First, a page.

Falling off the beam but not off the wagon, an essay


The book Alcoholics Anonymous repeats over and over that we are filled with resentments, selfishness, ego, and fear. As I work through the steps, even after attending AA for almost 20 years now, I still battle this within myself daily. I still struggle with making sure that I am “on the beam” or that I follow the 4 absolutes to the best of my ability.
I fall short, very often. This is where steps 10 and 11 are key. It is also where contact with my sponsors is essential. My sponsors can tell me within a few short words where I truly am. This is often a case of not seeing the forest for the trees. 

I look at my character defects as a huge anchor holding me down. The sun is shining, the birds are singing, it is a gorgeous day and my character defects have me stuck. My sponsors see the other side of it. They see me with the help of my higher power, chipping away at that anchor and making progress. They see me letting go of the worst of them, and move forward to work on another. They see improvement when all I can see is darkness around me. They also tell me when I have more work to do in a certain area. 

Yet, it is so easy to fall into self- pity.

Bill W. on page 60 said

   ” Many of us exclaimed, ‘What an order! I can’t go through with it.’ Do not be discouraged. No one among us has been able to maintain anything like perfect adherence to these principles. We are not saints.” 

Later on in the book, he says on page 85

“It is easy to let up on the spiritual program of action and rest on our laurels. We are headed for trouble if we do, for alcohol is a subtle foe. We are not cured of alcoholism. What we really have is a daily reprieve contingent on the maintenance of our spiritual condition. Every day is a day when we must carry the vision of God’s will into all of our activities. ‘How can I best serve Thee—Thy will (not mine) be done’ These are thoughts which must go with us constantly. We can exercise our will power along this line all we wish. It is the proper use of the will.”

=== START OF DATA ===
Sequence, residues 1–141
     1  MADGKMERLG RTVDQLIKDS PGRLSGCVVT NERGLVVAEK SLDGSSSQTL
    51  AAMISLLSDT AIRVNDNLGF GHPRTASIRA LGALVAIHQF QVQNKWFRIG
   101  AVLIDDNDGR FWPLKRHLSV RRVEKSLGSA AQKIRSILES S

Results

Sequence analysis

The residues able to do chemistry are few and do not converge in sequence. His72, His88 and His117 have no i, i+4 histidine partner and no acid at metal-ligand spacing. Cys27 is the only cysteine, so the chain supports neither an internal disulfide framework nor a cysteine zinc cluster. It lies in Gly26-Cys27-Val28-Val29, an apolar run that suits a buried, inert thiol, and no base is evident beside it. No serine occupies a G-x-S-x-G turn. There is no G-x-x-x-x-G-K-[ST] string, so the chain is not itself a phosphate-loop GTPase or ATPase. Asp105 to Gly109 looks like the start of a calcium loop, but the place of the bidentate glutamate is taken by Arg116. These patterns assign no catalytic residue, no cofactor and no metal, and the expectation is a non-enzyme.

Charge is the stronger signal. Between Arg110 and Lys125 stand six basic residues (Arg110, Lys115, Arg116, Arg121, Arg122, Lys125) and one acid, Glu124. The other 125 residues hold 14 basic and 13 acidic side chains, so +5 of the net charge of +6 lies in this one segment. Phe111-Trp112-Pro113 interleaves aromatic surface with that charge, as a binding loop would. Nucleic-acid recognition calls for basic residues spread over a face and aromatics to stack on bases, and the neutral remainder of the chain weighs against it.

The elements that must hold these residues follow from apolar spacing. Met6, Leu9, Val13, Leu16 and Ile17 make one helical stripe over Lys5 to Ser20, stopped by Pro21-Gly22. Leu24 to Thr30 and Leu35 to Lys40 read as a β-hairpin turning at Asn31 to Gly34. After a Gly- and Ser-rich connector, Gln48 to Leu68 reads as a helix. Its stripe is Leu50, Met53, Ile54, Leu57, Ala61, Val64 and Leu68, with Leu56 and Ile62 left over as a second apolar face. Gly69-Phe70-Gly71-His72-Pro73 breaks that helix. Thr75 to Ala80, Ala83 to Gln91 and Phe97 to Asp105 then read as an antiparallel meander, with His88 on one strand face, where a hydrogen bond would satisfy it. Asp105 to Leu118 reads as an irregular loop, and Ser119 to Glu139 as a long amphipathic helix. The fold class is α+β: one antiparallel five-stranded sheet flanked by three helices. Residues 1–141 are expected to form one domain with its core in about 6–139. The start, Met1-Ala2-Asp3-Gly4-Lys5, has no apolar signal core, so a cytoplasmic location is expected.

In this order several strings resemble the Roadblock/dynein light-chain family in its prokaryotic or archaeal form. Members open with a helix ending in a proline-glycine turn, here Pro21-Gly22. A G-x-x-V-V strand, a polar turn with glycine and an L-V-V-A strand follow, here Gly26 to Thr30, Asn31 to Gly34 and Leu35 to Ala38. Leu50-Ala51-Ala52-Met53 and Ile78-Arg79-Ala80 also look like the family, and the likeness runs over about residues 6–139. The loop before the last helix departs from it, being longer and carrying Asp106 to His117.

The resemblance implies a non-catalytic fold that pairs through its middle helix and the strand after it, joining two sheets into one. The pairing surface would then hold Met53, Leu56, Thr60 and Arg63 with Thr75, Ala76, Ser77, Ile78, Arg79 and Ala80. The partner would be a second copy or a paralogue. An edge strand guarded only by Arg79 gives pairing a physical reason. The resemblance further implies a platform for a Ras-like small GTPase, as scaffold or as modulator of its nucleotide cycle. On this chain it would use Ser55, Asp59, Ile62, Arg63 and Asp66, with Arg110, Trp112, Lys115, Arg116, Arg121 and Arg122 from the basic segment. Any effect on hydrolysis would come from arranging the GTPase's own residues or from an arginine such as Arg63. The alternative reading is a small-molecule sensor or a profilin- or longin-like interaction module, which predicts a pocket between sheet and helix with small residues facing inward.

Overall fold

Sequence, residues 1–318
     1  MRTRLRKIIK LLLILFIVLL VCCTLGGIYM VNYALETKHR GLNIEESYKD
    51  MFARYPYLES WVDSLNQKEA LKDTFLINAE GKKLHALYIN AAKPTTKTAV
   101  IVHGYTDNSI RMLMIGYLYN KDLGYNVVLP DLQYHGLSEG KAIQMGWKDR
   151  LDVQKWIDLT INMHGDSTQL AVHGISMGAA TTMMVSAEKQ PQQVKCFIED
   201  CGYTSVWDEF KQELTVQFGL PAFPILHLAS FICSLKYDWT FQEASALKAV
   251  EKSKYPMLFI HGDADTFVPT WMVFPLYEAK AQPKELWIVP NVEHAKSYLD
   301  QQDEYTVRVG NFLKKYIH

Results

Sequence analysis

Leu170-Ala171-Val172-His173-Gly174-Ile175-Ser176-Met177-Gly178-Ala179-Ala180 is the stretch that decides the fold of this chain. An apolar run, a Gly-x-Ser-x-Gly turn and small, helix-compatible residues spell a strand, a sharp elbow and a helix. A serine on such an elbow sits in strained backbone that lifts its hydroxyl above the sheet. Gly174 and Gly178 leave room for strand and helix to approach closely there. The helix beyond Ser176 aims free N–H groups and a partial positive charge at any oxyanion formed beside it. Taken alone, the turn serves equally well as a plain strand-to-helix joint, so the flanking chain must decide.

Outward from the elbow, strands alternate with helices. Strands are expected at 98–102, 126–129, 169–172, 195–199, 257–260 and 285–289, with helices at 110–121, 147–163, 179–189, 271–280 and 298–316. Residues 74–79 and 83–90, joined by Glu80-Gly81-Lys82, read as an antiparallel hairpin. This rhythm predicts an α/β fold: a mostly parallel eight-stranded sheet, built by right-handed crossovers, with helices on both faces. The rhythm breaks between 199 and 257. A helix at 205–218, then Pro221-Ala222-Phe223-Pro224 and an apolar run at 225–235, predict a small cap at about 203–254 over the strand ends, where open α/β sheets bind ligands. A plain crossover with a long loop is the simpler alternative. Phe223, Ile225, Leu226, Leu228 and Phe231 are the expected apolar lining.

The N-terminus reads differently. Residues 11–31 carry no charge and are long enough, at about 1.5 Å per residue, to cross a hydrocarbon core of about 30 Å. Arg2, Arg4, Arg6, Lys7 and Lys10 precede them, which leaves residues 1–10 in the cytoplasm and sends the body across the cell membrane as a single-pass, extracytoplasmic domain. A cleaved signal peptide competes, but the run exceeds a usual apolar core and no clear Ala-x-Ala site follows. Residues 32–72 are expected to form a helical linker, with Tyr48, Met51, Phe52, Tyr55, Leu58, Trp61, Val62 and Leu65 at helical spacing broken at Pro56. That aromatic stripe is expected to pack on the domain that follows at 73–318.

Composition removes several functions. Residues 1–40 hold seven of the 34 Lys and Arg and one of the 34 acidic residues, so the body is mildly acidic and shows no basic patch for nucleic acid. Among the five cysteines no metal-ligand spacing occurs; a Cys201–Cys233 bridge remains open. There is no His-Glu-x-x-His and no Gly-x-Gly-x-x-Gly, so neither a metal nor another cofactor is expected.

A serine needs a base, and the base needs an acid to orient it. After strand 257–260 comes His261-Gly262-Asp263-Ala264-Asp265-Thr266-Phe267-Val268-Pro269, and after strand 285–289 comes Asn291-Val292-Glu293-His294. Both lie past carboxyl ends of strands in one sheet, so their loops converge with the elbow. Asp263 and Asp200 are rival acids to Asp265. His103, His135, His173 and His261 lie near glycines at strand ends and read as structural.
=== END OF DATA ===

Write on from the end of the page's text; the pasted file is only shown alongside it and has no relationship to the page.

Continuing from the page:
I have often wanted to give up. I then remember the first quote. I can not do this alone. I can not face each day alone. I am powerless over this disease and the pain and destruction it causes. I will not work this program perfectly and no one truly does. I need the direction and strength from God to get through each day sober. God is my Boss. I do what is in front of me to do, whether it is dishes or writing an essay, and God gives me the strength to get through it.

The words on page 85 also come into play here. I know full well that if I give up, then I am lost. When I stop focusing on my recovery, and stop working the program, I am swirling the bowl of life and heading down. I also keep in mind that working the program is truly the ‘easier softer way’ that I have been looking for. God will give me the strength to get through the long nights of pain. God will give me the serenity and peace to live each day. God has my back. He has me in the palm of his hand. He knows what my brain is trying to do.

I grab the kit of tools I have been given, and apply them to the problem. I work steps ten and eleven, and look at in black and white what reality is. When I can see the reality, I can work the problem. I can ‘science the s–t out of this’ and live with the solutions. I find balance, from working step ten. Step 11, is where I check in with God. I often do it in the form of a letter to God, asking for help.

My life has never been better. I put down both my successes and failures in my daily homework, and live each day one day at a time. I am reminded that I am a work in progress.

That’s all for today, if you have any questions or comments, please email me at justanotheralcoholic@yahoo.com

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